On paper, Christmas would look like the season when people are more likely to spend a night binge drinking. There are office parties, holiday parties, and the required spiked egg nog before you turn in on Christmas Eve. Yes, that is a lot of drinking, but it’s actually summer and graduation that makes up the real party season.
There’s just something about summer that gets people outside, on the patio, and indulging in a lot of alcohol, and Vancouver Coastal Health wants to you think about those drinks and is asking parents to send out a strong anti-drinking message to their kids.
Both summer and graduation kick off a period of time when kids are more likely to binge drink and more likely to try to get their parents to buy them alcohol. It’s called ‘bootlegging’ in some circles, but no matter what you call it, it’s illegal and dangerous. Because of that, Vancouver Coastal Health has launched its 8th annual ‘Think Before You Let Them Drink’ campaign.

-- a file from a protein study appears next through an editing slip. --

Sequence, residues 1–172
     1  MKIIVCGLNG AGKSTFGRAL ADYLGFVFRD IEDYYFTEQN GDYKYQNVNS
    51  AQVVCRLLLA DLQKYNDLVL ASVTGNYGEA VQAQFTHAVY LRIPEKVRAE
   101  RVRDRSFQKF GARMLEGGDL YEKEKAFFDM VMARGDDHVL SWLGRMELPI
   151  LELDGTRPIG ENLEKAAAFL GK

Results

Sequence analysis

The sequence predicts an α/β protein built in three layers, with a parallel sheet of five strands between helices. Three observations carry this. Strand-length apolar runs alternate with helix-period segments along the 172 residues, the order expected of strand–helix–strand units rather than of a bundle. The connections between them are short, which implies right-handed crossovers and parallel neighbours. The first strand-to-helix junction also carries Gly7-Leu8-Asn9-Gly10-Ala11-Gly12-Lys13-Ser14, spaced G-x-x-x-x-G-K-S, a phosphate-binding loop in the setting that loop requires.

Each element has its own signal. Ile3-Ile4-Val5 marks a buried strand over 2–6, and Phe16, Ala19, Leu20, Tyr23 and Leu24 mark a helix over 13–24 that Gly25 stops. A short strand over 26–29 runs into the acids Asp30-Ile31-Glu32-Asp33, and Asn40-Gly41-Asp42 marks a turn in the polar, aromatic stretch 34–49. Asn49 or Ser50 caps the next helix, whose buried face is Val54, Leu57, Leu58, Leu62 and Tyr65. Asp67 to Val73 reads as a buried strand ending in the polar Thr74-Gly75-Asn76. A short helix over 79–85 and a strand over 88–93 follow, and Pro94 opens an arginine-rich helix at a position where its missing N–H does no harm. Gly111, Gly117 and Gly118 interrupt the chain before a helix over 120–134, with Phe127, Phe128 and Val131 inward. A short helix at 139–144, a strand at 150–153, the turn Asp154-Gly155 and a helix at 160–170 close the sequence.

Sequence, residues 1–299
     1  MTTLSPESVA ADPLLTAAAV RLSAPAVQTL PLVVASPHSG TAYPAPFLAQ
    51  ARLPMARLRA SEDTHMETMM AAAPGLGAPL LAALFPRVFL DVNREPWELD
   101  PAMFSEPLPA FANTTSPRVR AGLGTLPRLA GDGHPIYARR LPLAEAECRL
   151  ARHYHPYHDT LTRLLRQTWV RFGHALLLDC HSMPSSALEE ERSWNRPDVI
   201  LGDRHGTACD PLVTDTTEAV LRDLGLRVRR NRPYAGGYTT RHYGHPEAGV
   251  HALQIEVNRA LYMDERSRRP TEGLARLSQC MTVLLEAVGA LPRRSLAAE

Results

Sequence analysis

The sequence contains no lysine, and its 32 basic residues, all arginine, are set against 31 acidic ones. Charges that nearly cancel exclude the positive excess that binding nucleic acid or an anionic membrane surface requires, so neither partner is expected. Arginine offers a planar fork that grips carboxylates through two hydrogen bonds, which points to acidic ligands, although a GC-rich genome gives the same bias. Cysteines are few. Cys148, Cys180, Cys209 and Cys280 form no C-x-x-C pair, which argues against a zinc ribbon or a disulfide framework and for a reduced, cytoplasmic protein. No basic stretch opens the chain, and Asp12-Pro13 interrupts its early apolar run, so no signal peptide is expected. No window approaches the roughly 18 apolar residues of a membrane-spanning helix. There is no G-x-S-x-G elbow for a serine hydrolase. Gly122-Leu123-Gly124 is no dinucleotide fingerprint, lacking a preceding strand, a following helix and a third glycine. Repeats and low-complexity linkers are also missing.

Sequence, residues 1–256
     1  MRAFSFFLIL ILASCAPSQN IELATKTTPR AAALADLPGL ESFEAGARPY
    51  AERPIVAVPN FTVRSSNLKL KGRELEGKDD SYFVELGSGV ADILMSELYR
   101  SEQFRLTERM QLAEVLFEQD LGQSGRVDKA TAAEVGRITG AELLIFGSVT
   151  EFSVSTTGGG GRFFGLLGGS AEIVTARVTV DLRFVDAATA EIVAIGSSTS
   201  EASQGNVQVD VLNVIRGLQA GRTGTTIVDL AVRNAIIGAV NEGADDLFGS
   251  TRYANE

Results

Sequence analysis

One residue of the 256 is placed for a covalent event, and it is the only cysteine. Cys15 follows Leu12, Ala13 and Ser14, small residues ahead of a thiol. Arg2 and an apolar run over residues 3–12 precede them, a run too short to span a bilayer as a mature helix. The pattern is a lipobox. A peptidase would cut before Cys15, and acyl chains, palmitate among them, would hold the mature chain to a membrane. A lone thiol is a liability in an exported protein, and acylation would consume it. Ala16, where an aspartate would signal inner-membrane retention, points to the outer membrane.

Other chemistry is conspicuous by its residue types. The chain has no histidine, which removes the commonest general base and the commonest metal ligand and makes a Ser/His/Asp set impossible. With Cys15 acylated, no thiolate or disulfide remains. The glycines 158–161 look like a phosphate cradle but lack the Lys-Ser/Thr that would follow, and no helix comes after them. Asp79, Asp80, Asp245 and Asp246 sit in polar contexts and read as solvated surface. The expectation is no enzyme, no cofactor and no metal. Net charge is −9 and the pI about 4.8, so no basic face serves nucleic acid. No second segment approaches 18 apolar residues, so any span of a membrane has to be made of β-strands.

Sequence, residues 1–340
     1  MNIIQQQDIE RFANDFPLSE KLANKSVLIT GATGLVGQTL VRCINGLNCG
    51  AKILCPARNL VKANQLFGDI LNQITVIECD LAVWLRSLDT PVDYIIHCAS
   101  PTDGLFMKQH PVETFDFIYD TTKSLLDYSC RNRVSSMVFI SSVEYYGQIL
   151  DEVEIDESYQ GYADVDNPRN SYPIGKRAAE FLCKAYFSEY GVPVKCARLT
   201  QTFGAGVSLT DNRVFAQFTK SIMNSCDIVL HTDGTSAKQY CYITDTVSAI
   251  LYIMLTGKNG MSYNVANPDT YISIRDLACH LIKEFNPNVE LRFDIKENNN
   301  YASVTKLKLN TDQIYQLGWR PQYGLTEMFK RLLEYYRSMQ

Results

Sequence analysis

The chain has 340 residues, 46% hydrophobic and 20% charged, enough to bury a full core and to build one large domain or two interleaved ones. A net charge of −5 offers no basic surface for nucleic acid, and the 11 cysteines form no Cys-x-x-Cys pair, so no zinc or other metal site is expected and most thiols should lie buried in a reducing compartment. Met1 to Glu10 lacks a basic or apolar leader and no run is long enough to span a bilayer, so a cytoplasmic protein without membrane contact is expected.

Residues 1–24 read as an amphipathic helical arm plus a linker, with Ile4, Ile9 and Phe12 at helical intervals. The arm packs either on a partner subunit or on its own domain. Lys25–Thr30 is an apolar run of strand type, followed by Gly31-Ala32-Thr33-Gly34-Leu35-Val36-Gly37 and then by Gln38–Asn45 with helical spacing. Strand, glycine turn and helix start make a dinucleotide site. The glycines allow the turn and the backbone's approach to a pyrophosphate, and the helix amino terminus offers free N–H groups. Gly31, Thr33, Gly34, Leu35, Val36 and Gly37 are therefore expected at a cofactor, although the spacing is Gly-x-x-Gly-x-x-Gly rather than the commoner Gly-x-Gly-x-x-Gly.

Think Before You Let Them Drink is based on the idea that when kids take part in binge drinking, an adult must have had to provide the alcohol for them. It’s especially dangerous because once kids get their hands on alcohol, they tend to drink until it’s gone.
There’s also a growing trend of young girls binge drinking. According to the Centers for Disease Control and Prevention, that excess drinking could lead to death, higher likelihood of diseases like breast cancer, and an increase in risky sexual behaviour.
If you need an even stronger reason to say no to someone underage who asks you to get them alcohol, think of this: binge drinking is just one of the dangers that teen will encounter if they’re binge drinking. If they drink and decide to drive, you could be responsible for their crash. If they crash, they could die or kill someone else, and you’ll have to live with the choice you made.
You can find out more about Think Before You Let Them Drink by visiting Vancouver Coastal Health’s website.